From Left in the West, via I-forget-where, there is a lively debate in the Montana state legislature over the volatile issue of all-day kindergarten. What, you didn't know this was a volatile issue?
If you read the Billings newspaper accounts (here and here) the lawmaker sponsoring hearings on expanding Montana's public kindergarten program, was utterly taken aback when opponents raised charges of "anti-Christian teachings and a socialist agenda," as well as "a threat to family values" and a lot of other stuff. I share the guy's bewilderment. We sure went from "extra three hours of kindergarten" to "promoting abortion and gay sex" in an awful hurry.
Obviously, the debate is way out of proportion to the proposed policy, entailing a modest increase in the reach of the public school system. (All-day as opposed to half-day kindergarten would be non-mandatory and offered in only a handful of communities.) The point is, the mere idea of the public schools represents to conservatives a whole constellation of bad values: same sex love and sex ed and other offensive examples of government intrusion into private lives. So the family-values crowd jumped on this initiative--well justified and mild as it appears--as an opportunity to air ALL their gripes (or paranoia) about public education.
I can't find a link now, but I believe I read recently that the Bush Administration tried to suppress a study that showed the benefits of federal Head Start programs. That's another symptom of the same problem. Wingers can't conceive of the value of big-gubmint programs aimed at our precious pre-schoolers. And they can't be looking at evidence that conflicts with their theology. Does not compute.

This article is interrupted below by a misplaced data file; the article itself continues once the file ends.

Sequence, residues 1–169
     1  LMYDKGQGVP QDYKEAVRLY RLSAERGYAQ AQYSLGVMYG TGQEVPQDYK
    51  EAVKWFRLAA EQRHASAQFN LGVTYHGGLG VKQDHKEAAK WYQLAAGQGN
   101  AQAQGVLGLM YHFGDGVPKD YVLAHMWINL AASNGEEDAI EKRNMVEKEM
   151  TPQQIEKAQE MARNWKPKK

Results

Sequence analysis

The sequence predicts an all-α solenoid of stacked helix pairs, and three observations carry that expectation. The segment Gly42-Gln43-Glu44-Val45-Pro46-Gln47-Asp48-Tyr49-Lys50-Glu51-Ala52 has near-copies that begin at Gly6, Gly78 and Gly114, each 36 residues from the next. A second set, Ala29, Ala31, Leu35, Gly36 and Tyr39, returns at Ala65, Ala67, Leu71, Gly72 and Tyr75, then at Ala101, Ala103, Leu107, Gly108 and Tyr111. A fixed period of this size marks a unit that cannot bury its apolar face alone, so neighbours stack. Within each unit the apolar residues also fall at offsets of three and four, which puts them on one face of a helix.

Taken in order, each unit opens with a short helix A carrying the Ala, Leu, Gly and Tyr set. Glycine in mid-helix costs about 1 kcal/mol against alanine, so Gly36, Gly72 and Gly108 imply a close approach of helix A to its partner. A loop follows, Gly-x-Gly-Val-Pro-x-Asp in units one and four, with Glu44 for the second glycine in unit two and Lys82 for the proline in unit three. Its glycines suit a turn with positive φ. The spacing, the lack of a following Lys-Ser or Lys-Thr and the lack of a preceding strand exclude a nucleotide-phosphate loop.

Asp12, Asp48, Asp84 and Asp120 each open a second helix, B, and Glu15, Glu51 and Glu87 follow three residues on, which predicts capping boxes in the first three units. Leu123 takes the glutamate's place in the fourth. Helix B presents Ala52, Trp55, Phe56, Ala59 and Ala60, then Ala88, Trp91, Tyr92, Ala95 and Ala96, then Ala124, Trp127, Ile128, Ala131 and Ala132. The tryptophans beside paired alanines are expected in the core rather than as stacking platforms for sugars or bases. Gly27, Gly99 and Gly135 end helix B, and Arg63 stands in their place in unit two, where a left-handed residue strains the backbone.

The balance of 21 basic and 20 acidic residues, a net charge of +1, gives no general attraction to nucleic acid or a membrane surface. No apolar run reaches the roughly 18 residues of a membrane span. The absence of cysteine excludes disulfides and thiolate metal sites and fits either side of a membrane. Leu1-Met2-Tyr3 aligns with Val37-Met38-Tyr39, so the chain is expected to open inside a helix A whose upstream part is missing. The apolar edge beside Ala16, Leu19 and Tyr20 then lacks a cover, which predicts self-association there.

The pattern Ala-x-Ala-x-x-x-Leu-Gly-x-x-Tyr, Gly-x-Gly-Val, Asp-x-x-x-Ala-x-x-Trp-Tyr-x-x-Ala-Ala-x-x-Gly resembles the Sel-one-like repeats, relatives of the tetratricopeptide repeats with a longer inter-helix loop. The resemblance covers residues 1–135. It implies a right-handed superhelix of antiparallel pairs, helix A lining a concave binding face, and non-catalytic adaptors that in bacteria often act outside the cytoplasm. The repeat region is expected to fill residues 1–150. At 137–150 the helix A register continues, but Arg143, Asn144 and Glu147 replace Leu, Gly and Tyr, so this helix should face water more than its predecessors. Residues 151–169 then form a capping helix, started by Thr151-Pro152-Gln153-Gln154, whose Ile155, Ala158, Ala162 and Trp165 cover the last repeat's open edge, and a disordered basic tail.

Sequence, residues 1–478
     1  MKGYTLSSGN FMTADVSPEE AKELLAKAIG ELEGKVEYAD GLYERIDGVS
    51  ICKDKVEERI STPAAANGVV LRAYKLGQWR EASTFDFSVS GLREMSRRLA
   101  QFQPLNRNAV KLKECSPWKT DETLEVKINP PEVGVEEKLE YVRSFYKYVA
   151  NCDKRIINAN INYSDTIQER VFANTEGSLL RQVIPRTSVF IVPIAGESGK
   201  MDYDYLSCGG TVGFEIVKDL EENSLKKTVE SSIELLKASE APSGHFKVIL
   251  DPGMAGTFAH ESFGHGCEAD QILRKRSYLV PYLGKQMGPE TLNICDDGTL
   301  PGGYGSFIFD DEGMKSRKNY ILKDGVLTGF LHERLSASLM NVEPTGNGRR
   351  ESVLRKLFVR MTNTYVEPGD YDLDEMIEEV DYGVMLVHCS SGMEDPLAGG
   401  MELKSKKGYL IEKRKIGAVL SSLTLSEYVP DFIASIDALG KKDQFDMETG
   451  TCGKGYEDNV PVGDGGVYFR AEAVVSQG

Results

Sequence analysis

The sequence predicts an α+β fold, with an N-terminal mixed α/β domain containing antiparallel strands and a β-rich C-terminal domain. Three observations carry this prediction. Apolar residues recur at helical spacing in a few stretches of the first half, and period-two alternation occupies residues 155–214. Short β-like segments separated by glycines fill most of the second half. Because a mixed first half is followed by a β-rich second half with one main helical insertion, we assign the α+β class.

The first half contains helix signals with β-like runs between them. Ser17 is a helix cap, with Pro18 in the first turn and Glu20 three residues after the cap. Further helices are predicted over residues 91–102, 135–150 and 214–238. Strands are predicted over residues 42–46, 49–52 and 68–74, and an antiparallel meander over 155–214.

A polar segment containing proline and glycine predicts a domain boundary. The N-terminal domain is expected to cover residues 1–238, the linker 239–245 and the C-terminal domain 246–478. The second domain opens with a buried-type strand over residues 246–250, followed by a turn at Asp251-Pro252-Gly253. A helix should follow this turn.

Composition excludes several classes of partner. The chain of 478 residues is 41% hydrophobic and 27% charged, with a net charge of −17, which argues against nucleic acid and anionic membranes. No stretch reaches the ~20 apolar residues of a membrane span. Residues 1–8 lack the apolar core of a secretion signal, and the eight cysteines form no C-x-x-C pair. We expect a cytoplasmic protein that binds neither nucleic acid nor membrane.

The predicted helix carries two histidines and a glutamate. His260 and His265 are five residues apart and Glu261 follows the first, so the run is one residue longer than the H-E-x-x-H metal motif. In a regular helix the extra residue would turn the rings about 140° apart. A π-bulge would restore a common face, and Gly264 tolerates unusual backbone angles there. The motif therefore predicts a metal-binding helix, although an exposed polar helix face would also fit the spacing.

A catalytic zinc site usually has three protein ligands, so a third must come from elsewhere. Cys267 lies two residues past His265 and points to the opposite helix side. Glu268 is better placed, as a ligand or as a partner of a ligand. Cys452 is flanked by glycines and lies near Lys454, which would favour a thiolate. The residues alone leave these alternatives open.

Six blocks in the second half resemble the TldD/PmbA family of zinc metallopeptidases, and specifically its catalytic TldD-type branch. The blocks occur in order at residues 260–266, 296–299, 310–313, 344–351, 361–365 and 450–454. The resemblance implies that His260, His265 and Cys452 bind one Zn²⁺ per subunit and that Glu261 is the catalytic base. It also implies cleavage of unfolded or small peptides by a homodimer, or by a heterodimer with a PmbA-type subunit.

When I was kindergarten-aged, I lived in West Virginia, which at that time had no public kindergarten. My folks sent me to private half-day kindergarten, though they were NOT legally bound to. (This was 1969, incidentally. Smartass.) WV does have K-12 today, but now I'm curious about the history there. Was there a culture-war skirmish over this in WV? (It sure wouldn't shock me to learn there had been. After all, WV closes schools for the opening day of deer hunting season. And I know they've had flaps about teaching evolution.) Have many states had protracted fights over extending public education, mandatory or otherwise, into the years before first grade?
You gotta love the fact that in the outcry that six hours kindergarten = promotion of abortion, the loudest voice belonged to a Montana Republican who happens to be a physician. Would you accept treatment from this man? It puts me in mind of Henry Aldridge, the notorious North Carolina dentist-legislator, who contributed to the abortion debate by stating that it was a scientific impossibility for a female rape victim to become pregnant ("the juices don't flow").
Did one of the wingnuts say out loud that he opposes diversity? I guess it's good that we have states like Montana where they don't bother with code words. On the other hand, supportive as I am of the pro-kindergarten position, it sure is unfortunate that one of the pro-kindergarten people, a school superintendent, was quoted in the news story saying that "we can't control what happens to them before age 5." That language might fuel a couple of paranoid fantasies.
Actually, as a godless liberal social engineer, I can tell you, you can promote promiscuity and socialism among five-year-olds just as much in three hours as you can in six. It's all a matter of scheduling and priorities. Teach Betty Friedan first, then Dr. Seuss only if there's time later. Try making the kids recite "My body, my choice" before they receive their Graham crackers and Hi-C. And don't call them Graham crackers, call them Chomsky crackers.
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